We are proud to publish the full text of Benjamin Zephaniah’s poem Naked from his anthology Too Black, Too Strong.
Find our in-depth interview with the “people’s laureate” here where he shares his views on poetry, the police and the royal family. Plus, five things you didn’t know about Benjamin Zephaniah.
copyright © Benjamin Zephaniah 2001
Dis is me naked. Unclothed, undressed under
the light of all the Gods that you dare
imagine, waiting to be touched with as
many versions of the truth as you
can conjure up in your turned off
Dis is me. Give me your theory, give me
your opinion, give me your truth, give me
your big bad holy book, let me know
exactly what tried and tested faith
keeps you asleep.
Dis is me, hungry for the priceless forbidden, looking
for the man who wrote the superhighway code
so that I can rob his richness.
He got insurance, he got the state, let me get him.
I wanna find game show hosts and put
the bastards on trial. I wanna kill educated ignorance.
Dis is me naked, revolting in front of you, I’m
not much but I give a damn. Lovers look
at me, haters look at me as I exhibit
my love and my fury on dis desperate
Dis is me naked. I love being naked.
I look at my naked self and I know
that I was made for nakedness. I see
my neighbours naked, I see booted and
suited men naked, and women in purdah
naked, and all the priests and politicians
who I despise are naked looking
at the truth, facing reality, having to
deal with themselves, by themselves. Praise
the Gods for the black, brown, white, fat,
thin, one-legged, blind, bent, and uneven
naked bodies. Praise the female Gods
and the older Gods for the naked body
Dis is me. Not hanging out on Soho Road,
Handsworth, not hanging out on Railton Road,
Brixton, not chilling on Grosvenor Road,
Bristol, not even wheeling and
dealing on the sad streets of
London, west central. Naked I am, fixed
in reality, not looking for a fix,
not pickpocketing in Piccadilly.
I pay tax, they force me to pay for my oppression.
Dis is my mother. She read a poster on a
hot tin street in Jamaica that told her
that Britain loves her. She tuned
into the dream that made me the
naked cop beater that I
am today. I do all dis stuff for my
mother and she cries because I will
not go to church.
Dis is me naked, jealous, passionate, listening
for the naked sound of liberty,
waiting for the militants to arise, pouring
the lubricant sweat into the system
Dis is me invading the blank page with my
endless aerodynamic pen, driven like
optimistic hope, driven, raging,
desperate, hungry, inspired by the
chit-chat overheard on stinky smoky
turned on by the politics of the kitchen.
Dis is me. Dreadlocks I. Rastafari. Rastafari.
Behold, how good and how pleasant
it is for revolutionaries to dwell together
in the house of the lord. Knowing that
the real God will liberate those who liberate
themselves I shall fear no religion.
Took away the dried up intermediary, got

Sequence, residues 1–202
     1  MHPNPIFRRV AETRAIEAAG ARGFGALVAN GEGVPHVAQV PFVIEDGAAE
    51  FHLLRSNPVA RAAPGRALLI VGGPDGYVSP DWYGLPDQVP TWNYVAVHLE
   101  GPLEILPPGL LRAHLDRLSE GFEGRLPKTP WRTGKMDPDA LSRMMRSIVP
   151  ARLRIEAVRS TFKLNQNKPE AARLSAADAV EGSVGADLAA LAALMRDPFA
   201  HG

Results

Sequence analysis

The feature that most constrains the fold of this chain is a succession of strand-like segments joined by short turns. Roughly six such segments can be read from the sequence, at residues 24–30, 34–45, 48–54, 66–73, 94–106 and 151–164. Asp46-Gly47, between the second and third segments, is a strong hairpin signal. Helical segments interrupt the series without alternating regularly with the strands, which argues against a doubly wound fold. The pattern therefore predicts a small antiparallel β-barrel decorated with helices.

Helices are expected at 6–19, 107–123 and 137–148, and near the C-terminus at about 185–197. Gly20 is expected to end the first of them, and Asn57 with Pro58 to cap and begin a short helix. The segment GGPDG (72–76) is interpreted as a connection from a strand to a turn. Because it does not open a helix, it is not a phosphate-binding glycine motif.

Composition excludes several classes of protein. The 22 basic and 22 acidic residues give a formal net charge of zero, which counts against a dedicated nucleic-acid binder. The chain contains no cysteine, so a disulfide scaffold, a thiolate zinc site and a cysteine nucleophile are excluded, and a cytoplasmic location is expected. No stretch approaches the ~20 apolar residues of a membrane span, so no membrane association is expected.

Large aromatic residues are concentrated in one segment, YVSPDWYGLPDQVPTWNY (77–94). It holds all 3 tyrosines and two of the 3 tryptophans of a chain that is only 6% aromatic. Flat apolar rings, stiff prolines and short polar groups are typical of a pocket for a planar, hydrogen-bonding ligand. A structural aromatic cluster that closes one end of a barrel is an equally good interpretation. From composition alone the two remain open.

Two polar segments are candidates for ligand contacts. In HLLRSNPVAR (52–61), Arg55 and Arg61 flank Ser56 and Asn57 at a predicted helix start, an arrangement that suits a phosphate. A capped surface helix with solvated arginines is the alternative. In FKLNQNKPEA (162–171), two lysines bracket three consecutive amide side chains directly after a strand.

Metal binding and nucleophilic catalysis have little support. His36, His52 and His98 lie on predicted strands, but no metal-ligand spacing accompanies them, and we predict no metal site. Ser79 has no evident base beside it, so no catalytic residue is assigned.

a direct line to the great ganja
creator. Dis is me, Rastafari, Rastafari,
Dis is me blowing my lonely black trumpet.
Dis is me mysteriously trying to smile, trying
to convince myself that dis is the
lesser of evils. I stagger from
column to column stealing from its
stolen concrete as I go. ‘Fall Babylon,
Fall Babylon and take your bankers
with you,’ I chant as I piss on parliament.
Dis is me, standing under understanding,
getting up and over, overstanding the
corruption of our role models. The
lack of courage of our athletes burns me.
The Vegan sex is sweet.
Dis is my music. Loud, deep, Jungle music.
Heavy, roots, Reggae dub stuff.
I rave like a lover, I love like a raver
I know it’s only Hip-Hop Rock but I like it,
I’m so proud of it. We rocked the world
with it. We turned on generations
with it, made love and riots with
it, we created the magic
but we still don’t own the magic.
Why must we still struggle for our royalty cheque?
Dis is me fatherless, childless. Who do I go to and for what?
Who shall I cry to? Who shall I cry for?
I need babies to recite to
I need babies to recite to me
my life is full of lonely childless eternities
where only poetry gives me life
and nakedness gives me knowledge.
When I cry they want to arrest me, when I’m in
need I’m suspicious, when I cross the road
they ask me why.
Dis is me. I hate dis government as much as I
hated the one before it and I have reason
to believe that I will hate the one to come.
How did these lefties reach dis Tory place?
Dis is me, squeeze me. Let me free me.
I have come to realise that what you can do for me
I can do much better for me.
Let me do for my loved ones what you will not do for them
I want to hold the hands of my loved ones
(Those who have no one to vote for)
and cause a victorious rumble in dis black universe.
I am naked, whispering screams in the church
of the impatient revolutionaries. I may be
vulnerable, I may not have the education of my critics or
the wealth of my arresting officers, but I have
never felt the need to wear a uniform in order
to break laws and I have never felt the need to
eat dead bodies in order to feel like a good human.
Too Black Too Strong
Below, see Benjamin Zephaniah perform a portion of the poem from his anthology Too Black, Too Strong for The Guardian and find our in-depth interview with the “people’s laureate” here, where he shares his views on poetry, the police and the royal family. Plus, five things you didn’t know about Benjamin Zephaniah.
Main image by Richard Ecclestone